Our next 4 days went amazingly well. We spotted almost all animals, got amazing pictures, our nights were well rested and tummies were fed well. Every evening at dinner the restaurants would have Gospel music in Swahili (I knew it was gospel because it was Swahili version of popular Malayalam gospel songs) and even English ones of Don Moen and Hillsong playing through their stereos. It was soothing to end each day listening to them.

On one day, during the safari Amoses mentioned that he was having terrible heart burn from the cold breakfast he had in the morning. I quickly offered him my bottle of Gelusil (aha! I knew it would come in handy). He had a few sips of it. An hour later he called out, “Dr.Asha that medicine was amazing. Thank you and praise God!”. I giggled that I could be of help.

On our last day, we had so much time on our hands as our flight was only at midnight. We asked Amoses if there was anything else we could explore. He told the husband that there was a giraffe centre nearby where you can feed and pet the giraffes. The husband turned back at me to check if I wanted to go but he stopped half way through his sentence when he found me smiling ear-to-ear. “Looks like we’re going to the giraffe centre, then!”, he said to Amoses.


We had a lovely time there.

Our on our drive to the airport we passed by atleast 10 different churches. On sundays they were packed and overflowing with worshippers. As we got out to collect our long-lost bag, we bid goodbye to Amoses, took a selfie with him and gave him my bottle of Gelusil. He remarked about how we met as strangers but was now leaving as friends and brothers and sisters in Christ. He left us with a parting message to tell our people that sheds with thatched roofs in Kenya are proudly overflowing with faithful gospel receivers.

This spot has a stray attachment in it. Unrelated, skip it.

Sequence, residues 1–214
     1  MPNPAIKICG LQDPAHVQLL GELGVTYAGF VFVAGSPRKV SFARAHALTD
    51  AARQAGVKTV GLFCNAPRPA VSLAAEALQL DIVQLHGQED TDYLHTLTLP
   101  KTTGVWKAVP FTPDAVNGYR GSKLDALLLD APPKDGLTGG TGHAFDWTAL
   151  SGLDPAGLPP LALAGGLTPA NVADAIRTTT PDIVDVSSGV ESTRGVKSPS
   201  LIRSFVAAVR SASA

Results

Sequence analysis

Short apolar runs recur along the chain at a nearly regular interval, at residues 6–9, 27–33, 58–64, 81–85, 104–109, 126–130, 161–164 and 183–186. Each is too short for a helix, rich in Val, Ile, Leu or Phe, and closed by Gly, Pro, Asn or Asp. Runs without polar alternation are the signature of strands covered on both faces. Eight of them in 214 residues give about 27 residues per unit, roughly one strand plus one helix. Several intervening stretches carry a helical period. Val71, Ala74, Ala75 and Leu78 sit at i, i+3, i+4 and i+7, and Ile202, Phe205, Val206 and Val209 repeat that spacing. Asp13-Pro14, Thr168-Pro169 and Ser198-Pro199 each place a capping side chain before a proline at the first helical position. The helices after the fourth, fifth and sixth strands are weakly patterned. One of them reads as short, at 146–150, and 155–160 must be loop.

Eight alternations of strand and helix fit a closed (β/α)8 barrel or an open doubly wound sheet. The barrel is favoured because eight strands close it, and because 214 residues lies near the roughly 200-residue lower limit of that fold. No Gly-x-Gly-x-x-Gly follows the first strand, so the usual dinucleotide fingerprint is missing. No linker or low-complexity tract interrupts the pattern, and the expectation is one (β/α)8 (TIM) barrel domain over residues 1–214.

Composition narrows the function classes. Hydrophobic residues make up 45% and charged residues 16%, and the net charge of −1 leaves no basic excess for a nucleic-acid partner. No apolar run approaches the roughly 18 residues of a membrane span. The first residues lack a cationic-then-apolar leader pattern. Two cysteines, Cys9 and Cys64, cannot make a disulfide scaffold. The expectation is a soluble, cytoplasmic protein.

We soon found our lost bag and a few hours later boarded our flight home- which I must stay was very comfortable one.

I cannot praise God enough for the way He held us so lovingly throughout our trip. We often focus more on God when we are in some unknown place or situation. But we fail to forget that even in our daily, mundane lives God is still so actively playing a part. It can be you travelling to work, getting your grocery shopping done, having a Skype session with your dear ones blessed with a strong internet connection (haha, oh the number of times!), falling safely and soundly asleep at night.

There are a few who often tell me, “Asha, I feel you’re just boasting a lot on your blog!”. To them I say, God deserves all glory, honour and praise in every area and aspect of my life. I know for sure, that I am nothing without Him. And that’s exactly why my blog is called the Undoing- I’m stripped of every earthly praise, deed and thought, and I’m undone when He touches my life every day. There are days when I feel like He is silent, not listening to my prayers but then He waves his hand over me (I may not necessarily receive a blessing in the physical) and I see my eyes open to His doing, revelations and mysteries of this life.